This column ran in Dome Magazine.
If Donald Trump thankfully doesn’t end up as the 45th president of the United States, do you really believe he’ll disappear from the public eye?
Of course not. A shameless press hound and self-promoter, Trump will probably just return to his hit reality show, “The Apprentice,” and make NBC (and himself) gobs of money. It’s a win-win.
So should we really be surprised that the Michigan Legislature’s former terrible twosome, Cindy Gamrat and Todd Courser, still haven’t gone gently into that good night?
No, they’ve both been rewarded with their own radio shows on WFDF-AM in Detroit. It’s a seemingly curious fit –– two white outstate Republicans headlining a station with a largely African-American audience best known for its ministerial programming.
Maybe owners of the “Superstation” recalled that Courser and Gamrat were elected in 2014 as religious right warriors. Though they were married to other people, the Republicans soon became inseparable –– and it wasn’t because they joined a bible study group. Their canoodling, which included Gamrat tucking Courser in for naps at her office, started getting in the way of their jobs. A House Business Office investigation found they abused their offices.
That earned Gamrat an expulsion in September 2015, while Courser resigned at the 11th hour, presumably to save his law license. Nobody was sorry to see them go.
Naturally, both ex-legislators tried to win their seats back during the special election called –– even campaigning together with their spouses’ apparent blessing –– but they both failed miserably.
Then in February, Attorney General Bill Schuette charged Courser with four felonies and Gamrat with two, which could mean five to 15 years in jail.
You’d think the ex-lovebirds would keep a low profile, but nah. Courser filed last month to run for Lapeer County prosecutor and won his radio gig. And now Gamrat is set to join the station’s roster.
“She’ll have a press card. She’ll get to go up to Lansing, bring a microphone and ask hard questions,” CEO Kevin Adell told the Detroit News.
That will doubtlessly go well. Who wouldn’t want to be interviewed by the most reviled woman in Lansing?
But it’s all just par for the course for WFDF, where public notoriety and even a rap sheet can earn you a time slot. (Hey, E! has done well with shows about Hugh Hefner’s concubines and the Kardashians, who are famous for no apparent reason).
“If I just took a normal person and put them on the air it would be boring. We’re the go-to station for controversy. And there’s no shortage of scandals,” Adell bragged to the Detroit Free Press.
The station’s quirky personalities include combative Warren Mayor Jim Fouts, whose term-limit extension gambit prompted Macomb Daily columnist Ken Kish to recently compare him to a “foreign dictator changing the rules to stay in power,” and Krystal Crittendon, who was fired as Detroit’s city attorney.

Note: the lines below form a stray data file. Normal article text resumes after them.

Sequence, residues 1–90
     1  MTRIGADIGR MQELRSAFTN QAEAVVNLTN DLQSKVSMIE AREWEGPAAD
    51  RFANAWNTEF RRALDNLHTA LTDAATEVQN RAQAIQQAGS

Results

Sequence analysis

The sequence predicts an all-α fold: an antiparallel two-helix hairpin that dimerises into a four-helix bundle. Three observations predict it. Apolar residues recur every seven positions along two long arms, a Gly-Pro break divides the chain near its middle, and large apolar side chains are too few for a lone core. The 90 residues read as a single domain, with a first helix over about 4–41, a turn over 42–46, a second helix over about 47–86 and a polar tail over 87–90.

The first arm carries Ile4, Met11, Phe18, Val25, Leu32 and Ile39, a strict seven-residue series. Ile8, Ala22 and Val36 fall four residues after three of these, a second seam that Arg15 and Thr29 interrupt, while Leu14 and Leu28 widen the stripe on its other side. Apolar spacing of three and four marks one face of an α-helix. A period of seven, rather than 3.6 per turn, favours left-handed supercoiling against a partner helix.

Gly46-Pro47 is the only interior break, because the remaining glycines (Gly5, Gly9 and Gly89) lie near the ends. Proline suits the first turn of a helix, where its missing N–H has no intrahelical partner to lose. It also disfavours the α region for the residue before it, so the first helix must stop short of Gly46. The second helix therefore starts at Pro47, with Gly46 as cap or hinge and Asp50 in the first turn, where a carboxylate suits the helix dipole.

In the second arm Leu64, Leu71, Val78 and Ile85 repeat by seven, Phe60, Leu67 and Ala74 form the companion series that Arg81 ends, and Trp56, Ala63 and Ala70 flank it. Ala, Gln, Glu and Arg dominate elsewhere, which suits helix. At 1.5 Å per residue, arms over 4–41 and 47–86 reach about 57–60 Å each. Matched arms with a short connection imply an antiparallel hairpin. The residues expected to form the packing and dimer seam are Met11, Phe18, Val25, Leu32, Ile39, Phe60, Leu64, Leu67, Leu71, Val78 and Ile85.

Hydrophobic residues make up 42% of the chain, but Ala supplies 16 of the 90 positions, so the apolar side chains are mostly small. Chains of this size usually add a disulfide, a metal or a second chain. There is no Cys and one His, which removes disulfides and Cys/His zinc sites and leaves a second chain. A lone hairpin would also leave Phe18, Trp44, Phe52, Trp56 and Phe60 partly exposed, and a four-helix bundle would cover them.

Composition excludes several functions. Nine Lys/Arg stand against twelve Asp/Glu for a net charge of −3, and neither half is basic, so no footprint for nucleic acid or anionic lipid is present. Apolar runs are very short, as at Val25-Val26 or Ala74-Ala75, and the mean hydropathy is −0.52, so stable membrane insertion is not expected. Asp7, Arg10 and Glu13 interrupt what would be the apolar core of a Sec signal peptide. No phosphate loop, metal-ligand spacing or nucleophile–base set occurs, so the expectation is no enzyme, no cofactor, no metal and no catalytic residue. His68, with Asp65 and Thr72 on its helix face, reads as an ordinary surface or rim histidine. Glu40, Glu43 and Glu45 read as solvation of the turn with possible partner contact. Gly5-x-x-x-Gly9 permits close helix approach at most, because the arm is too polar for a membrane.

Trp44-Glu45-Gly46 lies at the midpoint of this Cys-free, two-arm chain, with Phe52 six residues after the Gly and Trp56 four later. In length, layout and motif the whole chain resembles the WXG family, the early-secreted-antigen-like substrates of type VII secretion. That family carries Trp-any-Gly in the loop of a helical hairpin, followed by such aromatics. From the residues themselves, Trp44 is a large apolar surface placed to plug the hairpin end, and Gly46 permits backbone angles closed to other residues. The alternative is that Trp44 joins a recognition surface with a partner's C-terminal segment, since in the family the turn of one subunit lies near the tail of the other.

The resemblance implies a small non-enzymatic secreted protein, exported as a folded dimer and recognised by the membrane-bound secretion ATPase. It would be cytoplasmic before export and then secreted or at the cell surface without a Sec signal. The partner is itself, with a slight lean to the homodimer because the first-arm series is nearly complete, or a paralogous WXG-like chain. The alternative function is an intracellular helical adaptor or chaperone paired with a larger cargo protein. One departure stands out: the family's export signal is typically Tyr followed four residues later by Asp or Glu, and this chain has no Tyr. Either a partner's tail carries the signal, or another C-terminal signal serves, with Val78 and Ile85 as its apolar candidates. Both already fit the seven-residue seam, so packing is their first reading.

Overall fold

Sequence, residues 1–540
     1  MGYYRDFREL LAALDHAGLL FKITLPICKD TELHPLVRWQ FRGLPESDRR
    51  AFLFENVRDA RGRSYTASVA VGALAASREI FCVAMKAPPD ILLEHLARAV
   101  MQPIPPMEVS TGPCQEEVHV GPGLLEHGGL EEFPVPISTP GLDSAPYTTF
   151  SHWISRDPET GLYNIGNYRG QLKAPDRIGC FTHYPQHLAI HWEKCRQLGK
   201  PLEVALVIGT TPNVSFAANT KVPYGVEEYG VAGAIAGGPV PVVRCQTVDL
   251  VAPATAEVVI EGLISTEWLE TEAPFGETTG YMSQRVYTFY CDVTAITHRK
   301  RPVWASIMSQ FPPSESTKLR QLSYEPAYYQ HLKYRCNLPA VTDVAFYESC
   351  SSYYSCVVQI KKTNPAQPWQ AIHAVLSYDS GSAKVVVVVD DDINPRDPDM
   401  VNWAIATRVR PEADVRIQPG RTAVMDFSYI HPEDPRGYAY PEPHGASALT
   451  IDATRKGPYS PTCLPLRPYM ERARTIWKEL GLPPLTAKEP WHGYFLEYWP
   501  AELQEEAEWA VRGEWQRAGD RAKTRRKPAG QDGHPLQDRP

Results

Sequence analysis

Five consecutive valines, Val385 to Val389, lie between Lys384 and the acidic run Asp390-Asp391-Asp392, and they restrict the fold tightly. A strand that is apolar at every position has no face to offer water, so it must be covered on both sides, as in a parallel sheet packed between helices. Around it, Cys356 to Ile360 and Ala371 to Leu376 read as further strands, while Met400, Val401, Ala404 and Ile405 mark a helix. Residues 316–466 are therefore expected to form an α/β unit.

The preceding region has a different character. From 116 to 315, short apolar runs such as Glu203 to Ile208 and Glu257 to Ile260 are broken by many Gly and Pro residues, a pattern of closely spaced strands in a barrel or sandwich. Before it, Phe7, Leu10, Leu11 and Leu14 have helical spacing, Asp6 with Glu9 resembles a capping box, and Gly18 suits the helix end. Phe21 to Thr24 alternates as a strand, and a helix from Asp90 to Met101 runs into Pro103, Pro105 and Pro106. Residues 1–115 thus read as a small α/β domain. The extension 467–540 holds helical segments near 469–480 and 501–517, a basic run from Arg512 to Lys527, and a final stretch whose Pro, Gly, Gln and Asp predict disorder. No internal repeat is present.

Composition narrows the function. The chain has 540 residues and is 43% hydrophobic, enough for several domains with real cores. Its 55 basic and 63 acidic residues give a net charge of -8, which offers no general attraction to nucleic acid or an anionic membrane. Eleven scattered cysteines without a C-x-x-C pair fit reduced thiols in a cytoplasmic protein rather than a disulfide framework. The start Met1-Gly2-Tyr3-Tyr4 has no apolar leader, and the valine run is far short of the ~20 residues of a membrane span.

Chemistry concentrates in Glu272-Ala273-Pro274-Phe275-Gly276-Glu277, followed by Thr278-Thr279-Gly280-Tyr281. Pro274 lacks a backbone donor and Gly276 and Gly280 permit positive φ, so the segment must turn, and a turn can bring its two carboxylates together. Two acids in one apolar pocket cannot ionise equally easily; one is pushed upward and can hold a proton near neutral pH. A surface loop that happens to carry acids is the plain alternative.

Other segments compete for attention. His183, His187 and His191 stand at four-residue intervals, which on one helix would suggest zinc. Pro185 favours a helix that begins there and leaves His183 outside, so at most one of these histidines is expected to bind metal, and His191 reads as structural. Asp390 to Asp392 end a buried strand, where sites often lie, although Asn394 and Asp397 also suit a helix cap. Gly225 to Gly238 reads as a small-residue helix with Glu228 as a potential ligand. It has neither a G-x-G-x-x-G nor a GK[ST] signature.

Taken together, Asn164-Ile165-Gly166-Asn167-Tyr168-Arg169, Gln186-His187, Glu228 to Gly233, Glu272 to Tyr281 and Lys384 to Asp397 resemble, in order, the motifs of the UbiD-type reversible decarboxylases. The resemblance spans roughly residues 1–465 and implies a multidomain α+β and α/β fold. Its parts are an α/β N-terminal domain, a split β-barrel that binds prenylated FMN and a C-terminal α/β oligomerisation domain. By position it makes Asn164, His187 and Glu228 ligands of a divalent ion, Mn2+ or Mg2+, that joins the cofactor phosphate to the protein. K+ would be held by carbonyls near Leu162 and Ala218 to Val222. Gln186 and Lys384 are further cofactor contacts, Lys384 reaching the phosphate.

WFDF also features Ward McCree, the “No shame in my game” selfie-taking judge bounced from the bench for sleeping with someone whose case was before him. Former Detroit Police Chief Ralph Godbee, who retired amidst a sex scandal, is on air. And there’s Christine Beatty, who served jail time for lying about her affair with now-former Detroit Mayor Kwame Kilpatrick.
With the addition of Courser and Gamrat, the station’s holiday party will surely be amazing –– and will probably be aired live for ratings, baby.
Now it’s not clear that the station will make a fortune –– this all reeks of desperation –– but at least WFDF has netted the headlines its management coveted.
And sorry to be a buzzkill, but these controversial hires have attracted far more attention than the Michigan Radio Network shutting down in March.
People have been listening to the MRN’s quick, informative reporting on the Capitol for decades on their local news station. Most probably didn’t even realize it, just political junkies who recognize Tim Skubick’s manic newsman pitch.
News Director Rob Baykian, who put in 35 years covering Lansing, hosted his weekly “Capitol Pressroom” with newsmakers. Now he’s been laid off, along with at least three other journalists.
Will the 60-odd stations that carried the MRN find some other way to report on state politics and government? In an era of hemorrhaging budgets and shrinking staff, I think we all know the answer to that.
But never fear. Cindy Gamrat will soon be armed with a microphone and media pass. She’ll undoubtedly get to the bottom of what’s really going on in Lansing –– and put the rest of the dwindling press corps to shame.
Susan J. Demas is Publisher and Editor of Inside Michigan Politics, a nationally acclaimed, biweekly political newsletter. Her political columns can be found at SusanJDemas.com. Follow her on Twitter here.